I just finished reading Ibram X. Kendi’s How To Be An Antiracist.
I am a very slow reader. It took me (I’m not kidding) two years to finish the last book I read. And it was about elephants. That’s how you know I struggle to focus when it comes to reading. It took two years to get through a book about my favorite large creature – the pachyderm!
After finishing the course White People Challenging Racism a little over two years ago, a few from the group continued to get together occasionally to talk on the topic and motivate each other to continue to learn. A few months ago we decided to read this book and discuss.
When I began the book a while back I had it in hard copy but started by listening, bookmarking when I heard points I wanted to revisit.
I found quickly that Kendi’s book was too meaty to listen to and grasp at the same time. This is not a lighthearted story about a family spending their summer on Martha’s Vineyard in 1969 and the antics that ensued (though I did listen to that once I switched over to reading the hardbound copy of Kendi’s book).
This topic is heavy. I expected this of course. Reading about antiracism is not fun reading. It’s work. As it should be. And I needed to take it in slowly. After giving up listening to it, I picked up the hardbound copy and went through the bookmarks I’d made in the audio version to start highlighting points. I found, to my surprise, that I was comprehending the topic much better by reading it.
Before long everyone was talking about this book online. More so then they had been prior to the BLM uprising. A friend asked me to join an online book club to discuss it.
A few times when talking about systemic racism with friends – I love that we’re talking about this – they have told me that my knowledge on the topic is ahead of theirs. They feel behind. Meanwhile, I’m reading comments on the book club page that have me feeling like my contributions would sound like I’m reviewing a grammar school chapter book.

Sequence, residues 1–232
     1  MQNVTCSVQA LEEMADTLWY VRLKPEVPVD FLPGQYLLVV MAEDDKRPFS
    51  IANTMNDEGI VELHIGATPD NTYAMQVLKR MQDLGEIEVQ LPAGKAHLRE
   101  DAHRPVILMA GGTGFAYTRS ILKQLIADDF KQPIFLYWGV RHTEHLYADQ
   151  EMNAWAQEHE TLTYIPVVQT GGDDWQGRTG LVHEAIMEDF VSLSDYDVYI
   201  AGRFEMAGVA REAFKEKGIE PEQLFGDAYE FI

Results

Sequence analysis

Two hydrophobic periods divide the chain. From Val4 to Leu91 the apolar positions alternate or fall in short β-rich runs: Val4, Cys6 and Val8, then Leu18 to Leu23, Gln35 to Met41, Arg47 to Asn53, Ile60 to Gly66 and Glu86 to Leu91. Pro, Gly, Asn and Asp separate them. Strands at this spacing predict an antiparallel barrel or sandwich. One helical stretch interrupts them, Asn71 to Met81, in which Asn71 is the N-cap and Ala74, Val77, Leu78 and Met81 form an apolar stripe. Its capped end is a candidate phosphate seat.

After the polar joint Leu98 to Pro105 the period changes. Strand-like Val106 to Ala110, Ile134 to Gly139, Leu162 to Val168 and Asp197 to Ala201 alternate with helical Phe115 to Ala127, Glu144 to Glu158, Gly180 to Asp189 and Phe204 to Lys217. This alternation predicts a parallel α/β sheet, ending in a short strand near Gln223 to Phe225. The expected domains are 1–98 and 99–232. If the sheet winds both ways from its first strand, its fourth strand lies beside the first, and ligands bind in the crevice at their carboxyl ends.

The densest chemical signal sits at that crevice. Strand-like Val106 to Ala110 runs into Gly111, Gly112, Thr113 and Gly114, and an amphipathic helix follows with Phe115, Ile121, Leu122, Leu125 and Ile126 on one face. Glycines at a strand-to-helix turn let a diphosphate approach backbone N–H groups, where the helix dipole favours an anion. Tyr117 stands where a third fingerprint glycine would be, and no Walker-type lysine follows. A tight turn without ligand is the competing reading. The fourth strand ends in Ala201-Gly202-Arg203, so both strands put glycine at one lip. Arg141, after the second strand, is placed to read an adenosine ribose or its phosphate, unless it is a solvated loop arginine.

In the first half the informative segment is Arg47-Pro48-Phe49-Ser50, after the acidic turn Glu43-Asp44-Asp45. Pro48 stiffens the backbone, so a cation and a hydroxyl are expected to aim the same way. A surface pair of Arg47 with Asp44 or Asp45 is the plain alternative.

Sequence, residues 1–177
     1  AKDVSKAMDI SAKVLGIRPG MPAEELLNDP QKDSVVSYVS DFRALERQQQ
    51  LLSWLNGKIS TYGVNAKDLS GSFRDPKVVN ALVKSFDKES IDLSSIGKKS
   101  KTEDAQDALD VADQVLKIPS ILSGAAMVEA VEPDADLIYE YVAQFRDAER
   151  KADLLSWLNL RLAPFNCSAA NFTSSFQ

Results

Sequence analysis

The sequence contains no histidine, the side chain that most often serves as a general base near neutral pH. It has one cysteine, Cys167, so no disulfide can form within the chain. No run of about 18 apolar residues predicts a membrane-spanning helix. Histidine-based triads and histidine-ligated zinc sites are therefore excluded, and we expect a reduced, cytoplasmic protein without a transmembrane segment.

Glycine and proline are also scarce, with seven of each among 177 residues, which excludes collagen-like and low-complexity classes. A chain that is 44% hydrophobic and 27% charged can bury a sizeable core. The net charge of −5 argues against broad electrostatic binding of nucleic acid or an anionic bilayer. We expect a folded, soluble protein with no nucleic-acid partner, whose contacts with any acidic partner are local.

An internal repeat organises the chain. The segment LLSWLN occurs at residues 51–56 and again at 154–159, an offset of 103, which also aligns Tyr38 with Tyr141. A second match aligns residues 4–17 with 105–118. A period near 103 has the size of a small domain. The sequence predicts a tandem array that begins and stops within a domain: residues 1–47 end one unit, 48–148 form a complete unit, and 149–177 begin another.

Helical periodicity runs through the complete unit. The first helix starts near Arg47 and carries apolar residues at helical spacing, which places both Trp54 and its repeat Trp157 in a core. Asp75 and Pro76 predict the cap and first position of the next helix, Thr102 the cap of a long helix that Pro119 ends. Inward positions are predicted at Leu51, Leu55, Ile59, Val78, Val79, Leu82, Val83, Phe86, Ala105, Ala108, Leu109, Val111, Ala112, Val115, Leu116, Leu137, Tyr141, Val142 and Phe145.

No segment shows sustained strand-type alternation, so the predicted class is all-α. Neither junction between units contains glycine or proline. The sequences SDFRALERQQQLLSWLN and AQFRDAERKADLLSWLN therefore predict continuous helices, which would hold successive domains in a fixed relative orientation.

But that’s not really the point is it? We are all learning about this at different paces. Some are not learning at all. Those who choose to, I hope they continue.
If the only thing you’ve grasped so far is that Having privilege doesn’t mean you haven’t struggled in life or had hard times and challenges. It just means that being black wasn’t one of them, well that’s a start.
Next you need to wrap your brain around the fact that America was built by the forced labor of black people, and we have always had white supremacy over them, and until we change racist policies and racist systems that perpetuate the problem, we will be slow to eradicate internal racism.
In antiracism-adjacent news, Kendi is coming to Boston U! I cannot think of another pop-culture icon to exemplify my excitement about this news. Santa? The Beatles?
You guys. I might get to PHOTOGRAPH IBRAM X. KENDI AT SOME POINT! I am confident that I will make an ass out of myself, probably start rambling on about my dog or some crap like that. I have already embraced this likelihood in preparation.
Another related and interesting fact is that the replica of the Emancipation monument here in Boston will likely be taken down, seeing as it’s completely insulting to blacks. I wrote about the family connection to its original here and there are photos of the Boston version at the bottom.